Spectral based Illumination Estimation and Color Correction
Reiner Lenz(1) Peter Meer(2) M. Hauta-Kasari(3)
(1)Image Processing Laboratory
Department of Electrical Engineering
Linköping University, S-58183 Linköping, Sweden
(2)Department of Electrical and Computer Engineering
Rutgers University, Piscataway, NJ 08855, USA
(3)Graduate School of Science and Engineering
Saitama University, 255 Shimo-okubo
Urawa, Saitama 388, Japan
We present a statistical technique to characterize the global color
distribution in an image. The result can be used for color
correction of a single image and for comparison of different images.
It is assumed that the object colors are similar to those in a set of
colors for which spectral reflectances are available (in our
experiments we use spectral measurements of the Munsell and NCS color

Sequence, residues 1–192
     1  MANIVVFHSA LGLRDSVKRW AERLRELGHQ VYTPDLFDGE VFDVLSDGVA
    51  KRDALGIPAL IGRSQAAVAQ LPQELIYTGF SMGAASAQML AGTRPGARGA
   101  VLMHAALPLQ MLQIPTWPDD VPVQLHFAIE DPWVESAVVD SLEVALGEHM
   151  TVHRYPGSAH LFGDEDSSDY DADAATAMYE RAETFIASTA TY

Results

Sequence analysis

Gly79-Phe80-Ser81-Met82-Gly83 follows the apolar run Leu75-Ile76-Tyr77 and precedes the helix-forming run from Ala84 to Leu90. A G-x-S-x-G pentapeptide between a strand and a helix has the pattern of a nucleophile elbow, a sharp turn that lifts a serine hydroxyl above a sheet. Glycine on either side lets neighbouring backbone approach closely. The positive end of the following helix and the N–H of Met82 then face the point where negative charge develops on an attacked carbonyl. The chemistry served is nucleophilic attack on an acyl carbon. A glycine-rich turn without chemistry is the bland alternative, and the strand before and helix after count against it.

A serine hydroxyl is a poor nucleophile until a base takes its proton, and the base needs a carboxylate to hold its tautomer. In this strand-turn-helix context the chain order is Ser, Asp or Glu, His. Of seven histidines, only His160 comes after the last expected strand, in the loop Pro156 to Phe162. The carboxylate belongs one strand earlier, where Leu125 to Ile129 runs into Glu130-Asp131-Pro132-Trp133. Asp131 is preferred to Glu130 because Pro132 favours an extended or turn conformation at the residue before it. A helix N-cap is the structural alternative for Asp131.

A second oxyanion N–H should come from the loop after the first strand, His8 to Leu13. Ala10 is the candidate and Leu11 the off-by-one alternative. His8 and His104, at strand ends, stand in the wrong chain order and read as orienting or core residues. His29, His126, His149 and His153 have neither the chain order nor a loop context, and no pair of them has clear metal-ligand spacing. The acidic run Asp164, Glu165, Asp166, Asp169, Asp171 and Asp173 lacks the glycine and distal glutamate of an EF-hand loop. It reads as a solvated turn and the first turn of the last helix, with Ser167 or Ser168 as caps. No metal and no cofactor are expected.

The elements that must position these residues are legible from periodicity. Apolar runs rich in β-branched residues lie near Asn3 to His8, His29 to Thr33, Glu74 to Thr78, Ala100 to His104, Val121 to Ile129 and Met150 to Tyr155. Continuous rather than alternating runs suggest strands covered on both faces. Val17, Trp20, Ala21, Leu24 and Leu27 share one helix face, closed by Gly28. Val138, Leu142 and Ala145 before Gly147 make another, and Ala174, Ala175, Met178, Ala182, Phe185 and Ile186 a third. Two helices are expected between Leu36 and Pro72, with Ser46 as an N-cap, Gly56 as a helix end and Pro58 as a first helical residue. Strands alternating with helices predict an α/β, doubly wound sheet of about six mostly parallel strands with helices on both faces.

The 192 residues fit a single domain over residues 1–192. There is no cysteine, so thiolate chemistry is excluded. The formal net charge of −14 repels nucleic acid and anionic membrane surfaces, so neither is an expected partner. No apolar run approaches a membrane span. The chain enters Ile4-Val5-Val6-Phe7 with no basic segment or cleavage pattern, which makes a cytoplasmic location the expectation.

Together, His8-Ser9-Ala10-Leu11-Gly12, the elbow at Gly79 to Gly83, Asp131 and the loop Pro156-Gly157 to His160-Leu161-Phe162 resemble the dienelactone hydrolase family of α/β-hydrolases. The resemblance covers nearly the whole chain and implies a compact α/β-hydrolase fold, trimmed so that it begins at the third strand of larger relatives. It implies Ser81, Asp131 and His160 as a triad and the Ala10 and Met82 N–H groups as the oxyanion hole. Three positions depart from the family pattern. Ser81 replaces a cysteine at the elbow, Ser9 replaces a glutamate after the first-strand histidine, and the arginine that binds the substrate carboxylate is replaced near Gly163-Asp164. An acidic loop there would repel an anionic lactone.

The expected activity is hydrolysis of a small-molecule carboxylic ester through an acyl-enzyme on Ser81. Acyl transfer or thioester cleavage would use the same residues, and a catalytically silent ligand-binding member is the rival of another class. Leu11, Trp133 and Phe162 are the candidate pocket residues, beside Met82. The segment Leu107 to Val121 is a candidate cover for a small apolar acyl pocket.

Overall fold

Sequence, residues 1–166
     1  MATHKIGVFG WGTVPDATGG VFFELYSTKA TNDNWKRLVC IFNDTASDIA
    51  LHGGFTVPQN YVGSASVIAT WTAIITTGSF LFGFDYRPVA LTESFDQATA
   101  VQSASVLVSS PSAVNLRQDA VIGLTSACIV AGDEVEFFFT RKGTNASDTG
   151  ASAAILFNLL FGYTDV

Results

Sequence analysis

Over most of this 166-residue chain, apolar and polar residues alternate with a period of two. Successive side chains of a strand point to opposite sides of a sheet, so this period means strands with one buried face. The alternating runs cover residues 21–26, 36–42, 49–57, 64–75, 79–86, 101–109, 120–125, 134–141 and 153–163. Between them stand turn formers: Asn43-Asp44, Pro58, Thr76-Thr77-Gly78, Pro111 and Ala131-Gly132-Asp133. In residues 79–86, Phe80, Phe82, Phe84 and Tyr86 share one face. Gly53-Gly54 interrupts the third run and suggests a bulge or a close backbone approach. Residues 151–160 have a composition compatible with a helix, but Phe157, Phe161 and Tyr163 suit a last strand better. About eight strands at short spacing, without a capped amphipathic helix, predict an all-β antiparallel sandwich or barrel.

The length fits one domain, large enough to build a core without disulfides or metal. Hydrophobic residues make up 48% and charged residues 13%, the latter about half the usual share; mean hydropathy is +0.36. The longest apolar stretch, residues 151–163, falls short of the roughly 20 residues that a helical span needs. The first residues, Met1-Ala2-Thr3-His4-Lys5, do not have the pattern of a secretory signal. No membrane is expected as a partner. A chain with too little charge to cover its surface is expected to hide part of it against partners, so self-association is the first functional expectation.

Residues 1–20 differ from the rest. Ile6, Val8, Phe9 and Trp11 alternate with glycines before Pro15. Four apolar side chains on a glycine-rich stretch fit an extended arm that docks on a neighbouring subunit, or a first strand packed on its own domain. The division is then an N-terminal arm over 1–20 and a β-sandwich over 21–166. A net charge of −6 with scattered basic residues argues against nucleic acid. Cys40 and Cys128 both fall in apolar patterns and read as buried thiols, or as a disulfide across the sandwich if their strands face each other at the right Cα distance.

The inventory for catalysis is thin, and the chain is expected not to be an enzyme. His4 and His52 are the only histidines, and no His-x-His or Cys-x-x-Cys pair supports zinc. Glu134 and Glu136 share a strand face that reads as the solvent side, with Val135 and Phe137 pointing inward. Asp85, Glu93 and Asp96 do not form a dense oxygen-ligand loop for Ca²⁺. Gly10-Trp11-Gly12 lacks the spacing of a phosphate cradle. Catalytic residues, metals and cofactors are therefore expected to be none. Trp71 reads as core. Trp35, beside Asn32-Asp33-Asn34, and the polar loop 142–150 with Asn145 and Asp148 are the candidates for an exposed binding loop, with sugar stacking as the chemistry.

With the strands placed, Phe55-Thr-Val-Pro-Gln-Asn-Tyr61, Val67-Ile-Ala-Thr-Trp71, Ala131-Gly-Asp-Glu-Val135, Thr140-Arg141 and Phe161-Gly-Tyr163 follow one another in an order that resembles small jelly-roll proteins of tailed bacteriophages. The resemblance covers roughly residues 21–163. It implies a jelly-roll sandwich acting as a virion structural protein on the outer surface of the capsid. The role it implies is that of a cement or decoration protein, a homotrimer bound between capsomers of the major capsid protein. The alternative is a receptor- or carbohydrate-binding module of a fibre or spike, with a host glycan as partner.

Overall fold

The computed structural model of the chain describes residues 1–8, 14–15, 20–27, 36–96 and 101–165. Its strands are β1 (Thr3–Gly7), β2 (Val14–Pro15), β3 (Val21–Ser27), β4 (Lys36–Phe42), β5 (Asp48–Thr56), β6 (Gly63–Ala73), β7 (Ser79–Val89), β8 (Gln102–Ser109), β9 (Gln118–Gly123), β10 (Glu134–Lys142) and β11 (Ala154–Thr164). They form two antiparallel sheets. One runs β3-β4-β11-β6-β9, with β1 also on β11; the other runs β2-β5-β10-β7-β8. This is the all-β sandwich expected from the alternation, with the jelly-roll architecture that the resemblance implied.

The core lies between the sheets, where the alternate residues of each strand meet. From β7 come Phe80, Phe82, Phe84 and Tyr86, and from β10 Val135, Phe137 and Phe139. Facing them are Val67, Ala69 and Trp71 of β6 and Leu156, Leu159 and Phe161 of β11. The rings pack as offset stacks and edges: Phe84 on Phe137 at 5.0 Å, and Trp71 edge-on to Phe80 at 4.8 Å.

chips). The logarithm of the spectra can be approximated by finite
linear combinations of a small number of basis vectors.
We characterize the distributions of the expansion coefficients in an
image by their modes (the most probable values). This description does
not require the assumption of a special class of probability
distributions and it is insensitive to outliers and other
of the distributions. A change of illumination results in a global
shift of the expansion coefficients and thus also their modes.
The recovery of the illuminant is thus reduced to estimating
these shift parameters.
The calculated light distribution is only an estimate of the true
spectral distribution of the illuminant. Direct inverse filtering for
normalization may lead to undesirable results since these processes
are often ill-defined. Therefore we apply regularization techniques
in applications (such as automatic color correction) where visual
appearance is important. We also demonstrate how to use this
characterization of the global color distribution in an image as a
tool in color-based search in image databases.
Color Research and Application, 24, 98-111, 1999.
A shorter version appeared in
International Conference on Acoustics Speech and Signal
Processing, Munich, April 1997, 3141-3144.